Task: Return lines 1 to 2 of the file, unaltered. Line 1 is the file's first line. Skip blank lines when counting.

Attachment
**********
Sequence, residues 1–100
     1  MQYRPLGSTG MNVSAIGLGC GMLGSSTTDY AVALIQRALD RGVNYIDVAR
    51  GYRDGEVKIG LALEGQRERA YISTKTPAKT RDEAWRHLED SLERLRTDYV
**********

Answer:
Sequence, residues 1–100
     1  MQYRPLGSTG MNVSAIGLGC GMLGSSTTDY AVALIQRALD RGVNYIDVAR